Recently, there has been renewed interest regarding the lawsuit between the City of Cupertino and Measure C proponents. We are clarifying that:
- The plaintiffs have tried to be reasonable and settle the case with no cost to the city. The plaintiffs made NO claims for monetary damages.
- The city employs two full-time attorneys who are fully capable of handling the case and reach a settlement with residents, but instead, the city hired an expensive San Francisco law firm to prolong this case. Every dollar the city spends on external legal counsel is wasted, no matter the outcome.
- Three members of the former city council opened the city up to the lawsuit by placing a false description of Measure C on the ballot. The lawsuit is about re-establishing the democratic rights of all current and future Cupertino voters.
If you are interested in more background information, pleases refer to the following post by two volunteers of Better Cupertino:
Note: On Friday, September 8, 2017, the Cupertino Courier published an edited version of the opinion piece “Lawsuit Effort Intends to Clarify Aspects of and Ambiguous Elections Code” by Cupertino residents Peggy Griffin and Eric Schaefer. The edited version added and removed content to produce an opinion piece that is different materially from the version the Cupertino residents submitted for publication.
Below, find the unedited version of the opinion piece “Lawsuit Effort Intends to Clarify Aspects of and Ambiguous Elections Code” exactly as it was submitted to the Cupertino Courier for publication.
Lawsuit Effort Intends to Clarify Aspects of an Ambiguous Elections Code
Cupertino voters remember the contentious election last year between the Cupertino Citizens’ Sensible Growth (CCSG) Initiative, “Measure C,” and “Measure D” funded by the Vallco developer, Sand Hill Property Company, to the tune of $6,385,139.77—about $200 for every Cupertino voter.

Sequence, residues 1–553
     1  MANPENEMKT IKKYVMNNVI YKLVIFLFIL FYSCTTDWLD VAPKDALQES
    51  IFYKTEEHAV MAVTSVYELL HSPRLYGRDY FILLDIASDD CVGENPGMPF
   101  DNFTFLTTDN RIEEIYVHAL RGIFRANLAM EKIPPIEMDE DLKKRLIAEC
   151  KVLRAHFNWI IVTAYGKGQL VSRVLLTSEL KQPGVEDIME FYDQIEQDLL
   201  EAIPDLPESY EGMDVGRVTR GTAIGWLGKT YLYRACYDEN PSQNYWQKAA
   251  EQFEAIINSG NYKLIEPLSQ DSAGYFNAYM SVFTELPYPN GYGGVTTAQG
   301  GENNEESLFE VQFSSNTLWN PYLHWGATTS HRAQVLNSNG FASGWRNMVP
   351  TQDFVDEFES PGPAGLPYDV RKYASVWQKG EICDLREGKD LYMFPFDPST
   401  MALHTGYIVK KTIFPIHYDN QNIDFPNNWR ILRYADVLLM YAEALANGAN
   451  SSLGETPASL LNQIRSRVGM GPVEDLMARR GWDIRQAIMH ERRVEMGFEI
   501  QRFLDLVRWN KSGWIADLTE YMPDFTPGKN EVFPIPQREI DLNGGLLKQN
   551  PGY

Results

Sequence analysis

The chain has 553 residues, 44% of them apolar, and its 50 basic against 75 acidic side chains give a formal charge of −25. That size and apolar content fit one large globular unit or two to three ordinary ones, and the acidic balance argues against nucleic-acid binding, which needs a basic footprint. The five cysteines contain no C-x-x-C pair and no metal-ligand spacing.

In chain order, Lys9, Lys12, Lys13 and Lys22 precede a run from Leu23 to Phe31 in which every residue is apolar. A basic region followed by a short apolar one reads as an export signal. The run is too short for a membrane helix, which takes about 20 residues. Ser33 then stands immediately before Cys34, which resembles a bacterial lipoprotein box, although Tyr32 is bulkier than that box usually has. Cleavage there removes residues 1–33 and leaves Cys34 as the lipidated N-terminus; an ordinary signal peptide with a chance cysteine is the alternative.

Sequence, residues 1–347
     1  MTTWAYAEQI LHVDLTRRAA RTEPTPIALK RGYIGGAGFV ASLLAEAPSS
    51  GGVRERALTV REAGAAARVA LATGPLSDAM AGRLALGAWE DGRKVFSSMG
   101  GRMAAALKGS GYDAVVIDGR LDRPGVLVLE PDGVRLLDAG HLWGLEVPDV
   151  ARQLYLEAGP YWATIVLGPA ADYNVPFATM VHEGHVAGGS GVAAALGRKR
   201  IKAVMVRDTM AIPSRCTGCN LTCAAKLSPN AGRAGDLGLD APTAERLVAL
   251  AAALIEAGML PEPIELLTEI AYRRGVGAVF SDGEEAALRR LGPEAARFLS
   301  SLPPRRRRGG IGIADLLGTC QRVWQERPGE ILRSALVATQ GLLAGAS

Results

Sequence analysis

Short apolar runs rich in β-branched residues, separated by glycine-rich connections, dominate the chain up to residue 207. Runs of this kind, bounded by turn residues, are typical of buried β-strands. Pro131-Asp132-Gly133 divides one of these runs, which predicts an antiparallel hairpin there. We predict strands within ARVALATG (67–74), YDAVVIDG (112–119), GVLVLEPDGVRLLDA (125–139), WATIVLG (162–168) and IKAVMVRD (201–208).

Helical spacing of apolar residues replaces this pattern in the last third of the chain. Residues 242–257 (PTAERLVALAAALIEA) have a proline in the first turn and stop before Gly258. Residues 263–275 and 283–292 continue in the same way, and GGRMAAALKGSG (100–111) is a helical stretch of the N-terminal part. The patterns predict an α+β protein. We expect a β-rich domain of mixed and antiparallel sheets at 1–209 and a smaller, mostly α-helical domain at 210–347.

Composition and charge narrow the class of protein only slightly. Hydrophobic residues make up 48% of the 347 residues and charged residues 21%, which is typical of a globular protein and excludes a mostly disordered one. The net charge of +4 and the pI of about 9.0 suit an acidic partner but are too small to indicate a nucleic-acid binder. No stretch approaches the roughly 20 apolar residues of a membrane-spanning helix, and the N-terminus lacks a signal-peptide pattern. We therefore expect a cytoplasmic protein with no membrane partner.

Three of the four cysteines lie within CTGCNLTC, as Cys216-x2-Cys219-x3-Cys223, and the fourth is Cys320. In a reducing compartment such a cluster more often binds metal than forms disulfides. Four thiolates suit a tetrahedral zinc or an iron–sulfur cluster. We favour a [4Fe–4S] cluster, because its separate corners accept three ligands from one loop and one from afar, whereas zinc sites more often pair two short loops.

Both Measure C and Measure D failed in the November 8, 2016 election. A lawsuit arising from the City’s mishandling of the Measure C election has given rise to wild rumors and character assassination. Here is the real story:
1. Why Are Initiative Elections Special?
Over a hundred years ago, California voters had the wisdom to keep the power to write and pass laws as “initiatives” as a check against politicians who behave as if beholden to special interests and appear unwilling to stand up for the best interests of the Citizens.
2. How Did the City Council Interfere with the Measure C Election?
In about 5 weeks, supporters collected sufficient valid voter signatures to qualify the CCSG Initiative for consideration by the City Council.
The City Council should have put on the ballot a fair and neutral description of the initiative drafted by the City Attorney. Instead, they unlawfully adopted a false description offered by 2 law firms working for the competing Measure D campaign.
Measure C was drafted as a Sensible Growth initiative to ensure that the City would grow and change in accordance with the needs and interests of a majority of Cupertino voters. The City Attorney’s official summary circulated with the Measure C petitions described it as an initiative to “limit building heights and lot coverages throughout the City.” However, in April 2016, when presented with objections from two law firms working for the competing Measure D campaign, the City Council voted to print on the ballot a false description claiming that Measure C would “increase to 45 feet maximum building height in the Neighborhoods.” In fact, Measure C on page 6 clearly stated the General Plan parameters for Neighborhoods: “Maximum Height: 30 feet.” With the insertion of the poison pill on the ballot, Measure C failed.
3. Why Did the Superior Court Not Order the Ballot Description Corrected?
After an exhausting campaign of letter writing and in-person meetings failed to compel the City Council to reinstate the City Attorney’s original ballot description, our Citizens’ group filed a lawsuit on June 13, 2016 to correct the description of Measure C to be printed on the ballot. Sadly, despite our clear explanations, the trial court confused our challenge to the ballot description with challenges to ballot pamphlet materials, which the City claimed must be filed before April 16, 2016. In fact, Elections Code section 13314 allows challenges to descriptions of initiatives printed on the ballot at any time before printing.
4. If the Measure C Group Wins the Lawsuit, Will There Be a Do-over Election?
NO. The election is over and cannot be undone. However, as Voters and Citizens, Measure C supporters are now asking the Court of Appeal to clarify, once and for all, the legal rules for correcting ballot descriptions of initiatives in California cities and counties.